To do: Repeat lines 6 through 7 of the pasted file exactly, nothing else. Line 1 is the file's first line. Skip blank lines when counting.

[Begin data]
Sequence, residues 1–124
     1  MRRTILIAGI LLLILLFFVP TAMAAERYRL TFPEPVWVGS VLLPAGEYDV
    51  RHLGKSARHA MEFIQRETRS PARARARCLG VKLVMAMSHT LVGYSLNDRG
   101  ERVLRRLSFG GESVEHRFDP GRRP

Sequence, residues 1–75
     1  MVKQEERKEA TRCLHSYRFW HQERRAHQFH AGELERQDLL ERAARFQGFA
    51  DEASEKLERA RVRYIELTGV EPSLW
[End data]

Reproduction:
     1  MVKQEERKEA TRCLHSYRFW HQERRAHQFH AGELERQDLL ERAARFQGFA
    51  DEASEKLERA RVRYIELTGV EPSLW